MOUNTAIN VIEW COUNTY — The county will providing the gravel to help with the construction of a new cycling trail being planned by the Water Valley Community Association.
At the recent council meeting, council members approved the donation of 150 tonnes of so-called ‘fines’ gravel, a by-product of pit operations, for the project.
The county will also provide the transportation for the gravel from the Winchell Pit to the project site. The trail will be located behind the Water Valley School and will be based on an existing hiking trail on land owned by the association, council heard.
In a letter requesting the support, Water Valley Community Association officials said the new trail will provide a good recreation and fitness asset in the community.
“Our intention is to construct a mountain bike skills park and pump track for use by residents and visitors that would provide a much needed recreational facility,” said project lead Nathan Ryan and association president Laine Fowler.
“The initial design of the trail will require approximately 120 yards of fines to construct the track features. We have been shown the finds at the Winchell pit and determined these would be a very good product for our needs. We understand these fines are a by-product of pit operations and of no use to the county.”
Organizers had canvased association members about providing a vehicle to move the fines, but no one was able to make a suitable vehicle available, they said.
The county has agreed to transport the fines the 6.5 kilometres to the site.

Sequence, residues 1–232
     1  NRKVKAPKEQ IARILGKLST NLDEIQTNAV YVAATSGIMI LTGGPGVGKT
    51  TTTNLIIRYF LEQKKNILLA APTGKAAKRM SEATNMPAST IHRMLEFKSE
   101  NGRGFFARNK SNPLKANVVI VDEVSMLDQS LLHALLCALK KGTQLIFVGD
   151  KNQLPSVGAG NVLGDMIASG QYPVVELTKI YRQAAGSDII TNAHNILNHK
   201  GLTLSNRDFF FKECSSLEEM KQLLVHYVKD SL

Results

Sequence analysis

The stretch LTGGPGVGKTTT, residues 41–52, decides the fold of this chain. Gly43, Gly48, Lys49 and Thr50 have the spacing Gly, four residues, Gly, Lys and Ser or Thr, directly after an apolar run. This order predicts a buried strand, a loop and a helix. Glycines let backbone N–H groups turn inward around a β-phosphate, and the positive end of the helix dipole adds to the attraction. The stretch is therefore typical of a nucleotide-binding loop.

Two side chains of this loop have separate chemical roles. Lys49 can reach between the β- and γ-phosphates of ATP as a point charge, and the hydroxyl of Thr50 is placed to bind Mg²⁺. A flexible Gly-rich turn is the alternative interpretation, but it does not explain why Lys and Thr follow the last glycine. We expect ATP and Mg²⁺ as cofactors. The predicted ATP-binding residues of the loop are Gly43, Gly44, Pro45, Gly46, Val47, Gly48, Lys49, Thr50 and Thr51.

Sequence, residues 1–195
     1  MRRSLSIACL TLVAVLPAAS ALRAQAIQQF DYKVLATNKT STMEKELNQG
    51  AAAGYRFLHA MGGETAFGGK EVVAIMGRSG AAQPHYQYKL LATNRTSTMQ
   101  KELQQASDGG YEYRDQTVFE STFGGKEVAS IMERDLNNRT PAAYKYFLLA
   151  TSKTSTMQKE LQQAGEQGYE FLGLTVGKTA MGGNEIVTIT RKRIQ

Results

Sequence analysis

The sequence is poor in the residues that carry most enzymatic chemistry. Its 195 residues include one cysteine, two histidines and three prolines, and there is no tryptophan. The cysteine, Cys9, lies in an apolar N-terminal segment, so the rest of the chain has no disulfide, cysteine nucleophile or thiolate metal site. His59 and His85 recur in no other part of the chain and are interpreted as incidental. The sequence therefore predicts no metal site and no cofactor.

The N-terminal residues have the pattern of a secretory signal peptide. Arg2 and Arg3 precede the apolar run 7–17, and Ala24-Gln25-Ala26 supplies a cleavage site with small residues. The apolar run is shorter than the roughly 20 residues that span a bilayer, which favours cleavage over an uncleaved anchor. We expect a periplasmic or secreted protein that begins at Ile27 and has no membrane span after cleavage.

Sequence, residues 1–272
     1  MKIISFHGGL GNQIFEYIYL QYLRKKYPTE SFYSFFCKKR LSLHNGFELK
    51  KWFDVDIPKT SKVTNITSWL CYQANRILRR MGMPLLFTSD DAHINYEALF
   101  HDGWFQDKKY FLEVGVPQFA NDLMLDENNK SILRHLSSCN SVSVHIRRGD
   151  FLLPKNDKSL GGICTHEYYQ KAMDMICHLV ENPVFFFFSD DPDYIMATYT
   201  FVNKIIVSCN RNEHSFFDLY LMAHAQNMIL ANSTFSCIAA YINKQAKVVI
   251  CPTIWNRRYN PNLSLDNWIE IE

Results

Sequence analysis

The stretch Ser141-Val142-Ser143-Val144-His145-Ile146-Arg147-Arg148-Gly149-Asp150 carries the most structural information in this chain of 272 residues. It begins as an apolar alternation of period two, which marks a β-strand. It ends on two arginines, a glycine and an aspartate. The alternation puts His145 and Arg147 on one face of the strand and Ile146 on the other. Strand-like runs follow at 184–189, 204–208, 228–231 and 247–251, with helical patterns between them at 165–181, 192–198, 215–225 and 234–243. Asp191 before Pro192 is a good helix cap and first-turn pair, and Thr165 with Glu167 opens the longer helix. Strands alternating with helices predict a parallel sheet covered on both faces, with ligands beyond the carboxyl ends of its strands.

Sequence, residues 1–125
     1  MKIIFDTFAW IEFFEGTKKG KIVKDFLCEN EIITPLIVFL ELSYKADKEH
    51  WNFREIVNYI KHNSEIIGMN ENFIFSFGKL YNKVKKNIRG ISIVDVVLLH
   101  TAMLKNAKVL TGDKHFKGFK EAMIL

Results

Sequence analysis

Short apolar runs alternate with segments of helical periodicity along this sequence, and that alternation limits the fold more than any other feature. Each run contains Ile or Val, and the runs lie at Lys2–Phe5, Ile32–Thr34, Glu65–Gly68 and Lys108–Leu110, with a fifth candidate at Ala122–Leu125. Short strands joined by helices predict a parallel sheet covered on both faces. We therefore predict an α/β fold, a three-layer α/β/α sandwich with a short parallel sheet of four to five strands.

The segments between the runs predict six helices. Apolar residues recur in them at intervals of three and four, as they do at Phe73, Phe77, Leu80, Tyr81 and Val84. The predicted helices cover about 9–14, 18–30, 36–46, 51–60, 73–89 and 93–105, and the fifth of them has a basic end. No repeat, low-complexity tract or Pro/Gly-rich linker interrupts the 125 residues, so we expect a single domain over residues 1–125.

During the May 25 council meeting, Coun. Peggy Johnson said, “I think that supplying an unused resource to somebody who could use it is a really good thing to do.”
Coun. Greg Harris said the old hiking trail is not used very often these days.
“What they are planning to do is revitalize something that the younger set, the kids, can use, recognizing that there are a lot of adults out there with those kinds of off-road bikes,” said Harris.
“It is trying to take something that isn’t used very well and re-purpose it into something that would be used and be available for community and visitors.”
The new track could be used for peddle bikes, not motorized vehicles, he noted.
Ryan Morrison, Mountain View County's director of operational services, says 12 truck loads will be needed to move the fines.
“We would be just looking at the better part of a day; that would be all it would take for us to haul that material in there,” said Morrison.
The county’s re-chipping crews would be moving the fines on a rainy day when the crews are not working on road projects, he said.
“I don’t think it is going to be difficult for us to fit this one day in to move this material from the Winchell pit,” he said.
The total cost to the county will be $2,558, including $1,600 for loader costs and $121 for administration, with the funds coming from the tax rate stabilization reserve.